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The reason to reduce a peak is that the room interaction at that frequency demands it. If you have a 15dB peak at 50hz, and you introduce a filter of -15dB at 50Hz of the same bandwidth, the room will bring that frequency back level with the rest of the response. Why would you turn up the amp to compensate?

brucek
 

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Discussion Starter · #3 ·
The reason to reduce a peak is that the room interaction at that frequency demands it. If you have a 15dB peak at 50hz, and you introduce a filter of -15dB at 50Hz of the same bandwidth, the room will bring that frequency back level with the rest of the response. Why would you turn up the amp to compensate?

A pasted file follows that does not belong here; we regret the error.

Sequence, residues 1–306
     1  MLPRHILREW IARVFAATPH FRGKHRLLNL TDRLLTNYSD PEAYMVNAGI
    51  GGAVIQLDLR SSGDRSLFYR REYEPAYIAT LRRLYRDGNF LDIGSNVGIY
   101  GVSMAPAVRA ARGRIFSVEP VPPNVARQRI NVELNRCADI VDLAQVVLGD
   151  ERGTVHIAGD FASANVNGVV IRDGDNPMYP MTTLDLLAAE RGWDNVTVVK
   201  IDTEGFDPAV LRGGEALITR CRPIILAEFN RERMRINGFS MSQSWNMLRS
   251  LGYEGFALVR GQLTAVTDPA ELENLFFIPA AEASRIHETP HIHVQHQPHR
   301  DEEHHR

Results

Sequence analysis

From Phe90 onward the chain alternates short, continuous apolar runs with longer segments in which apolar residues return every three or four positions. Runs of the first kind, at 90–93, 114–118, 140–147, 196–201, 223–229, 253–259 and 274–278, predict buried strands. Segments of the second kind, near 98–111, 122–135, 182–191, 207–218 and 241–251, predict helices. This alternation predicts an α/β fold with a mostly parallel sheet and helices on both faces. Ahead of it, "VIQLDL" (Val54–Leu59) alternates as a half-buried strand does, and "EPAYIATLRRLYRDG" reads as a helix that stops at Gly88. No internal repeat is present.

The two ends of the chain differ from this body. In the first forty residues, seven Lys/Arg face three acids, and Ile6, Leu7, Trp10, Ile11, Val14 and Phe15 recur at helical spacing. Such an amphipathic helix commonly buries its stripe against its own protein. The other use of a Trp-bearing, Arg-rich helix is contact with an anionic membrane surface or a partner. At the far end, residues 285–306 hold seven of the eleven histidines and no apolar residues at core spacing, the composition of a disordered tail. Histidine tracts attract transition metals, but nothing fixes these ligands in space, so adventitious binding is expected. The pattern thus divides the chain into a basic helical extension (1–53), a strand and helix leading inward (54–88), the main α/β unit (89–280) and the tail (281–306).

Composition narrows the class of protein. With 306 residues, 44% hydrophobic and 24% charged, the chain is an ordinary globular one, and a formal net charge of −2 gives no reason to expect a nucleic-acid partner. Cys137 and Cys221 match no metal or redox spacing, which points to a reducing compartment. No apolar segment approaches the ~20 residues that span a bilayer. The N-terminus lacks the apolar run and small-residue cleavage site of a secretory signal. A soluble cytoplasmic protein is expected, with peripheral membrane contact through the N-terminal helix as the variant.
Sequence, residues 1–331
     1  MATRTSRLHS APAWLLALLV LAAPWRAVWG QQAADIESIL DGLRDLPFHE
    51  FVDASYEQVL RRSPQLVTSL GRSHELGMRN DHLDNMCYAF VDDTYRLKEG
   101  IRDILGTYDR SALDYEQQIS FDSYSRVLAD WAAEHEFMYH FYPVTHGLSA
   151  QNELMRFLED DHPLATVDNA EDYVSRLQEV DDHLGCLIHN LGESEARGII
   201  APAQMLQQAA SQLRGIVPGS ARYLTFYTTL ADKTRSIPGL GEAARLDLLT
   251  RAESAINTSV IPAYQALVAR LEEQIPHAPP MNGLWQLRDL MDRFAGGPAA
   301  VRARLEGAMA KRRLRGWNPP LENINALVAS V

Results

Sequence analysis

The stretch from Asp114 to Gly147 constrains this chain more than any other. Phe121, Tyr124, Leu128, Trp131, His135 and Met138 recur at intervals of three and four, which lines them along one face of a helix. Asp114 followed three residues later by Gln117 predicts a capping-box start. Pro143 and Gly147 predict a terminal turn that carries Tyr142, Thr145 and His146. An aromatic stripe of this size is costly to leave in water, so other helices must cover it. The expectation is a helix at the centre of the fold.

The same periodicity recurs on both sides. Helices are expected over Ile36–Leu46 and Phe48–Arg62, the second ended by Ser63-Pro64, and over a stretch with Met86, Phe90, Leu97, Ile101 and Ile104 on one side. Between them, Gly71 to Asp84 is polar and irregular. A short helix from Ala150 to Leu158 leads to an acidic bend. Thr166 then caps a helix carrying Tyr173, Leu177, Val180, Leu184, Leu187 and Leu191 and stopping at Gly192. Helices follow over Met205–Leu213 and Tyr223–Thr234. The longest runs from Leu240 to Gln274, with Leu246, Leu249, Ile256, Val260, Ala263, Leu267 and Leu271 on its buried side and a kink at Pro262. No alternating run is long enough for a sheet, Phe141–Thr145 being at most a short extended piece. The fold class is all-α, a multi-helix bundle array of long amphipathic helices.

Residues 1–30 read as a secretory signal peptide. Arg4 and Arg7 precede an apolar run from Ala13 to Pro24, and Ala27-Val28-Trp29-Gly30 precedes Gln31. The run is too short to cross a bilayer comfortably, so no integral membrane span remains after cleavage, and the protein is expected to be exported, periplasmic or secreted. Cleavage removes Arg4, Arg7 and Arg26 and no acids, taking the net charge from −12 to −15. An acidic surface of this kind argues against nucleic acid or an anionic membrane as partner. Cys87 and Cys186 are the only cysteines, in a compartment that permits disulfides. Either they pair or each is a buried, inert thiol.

brucek
When a few peaks are in the frequency response curve and a few cuts are done to overcome them the overall volume is reduced thus the reason for turning up the amp to compensate for the loss, correct?
 

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No, it should make them just right. If your final, in-room frequency response measures near your target, you will be doing well. You don't want +10 dB humps -- that's degrading the experience by artifically boosting that frequency due to the room or whatever.
 
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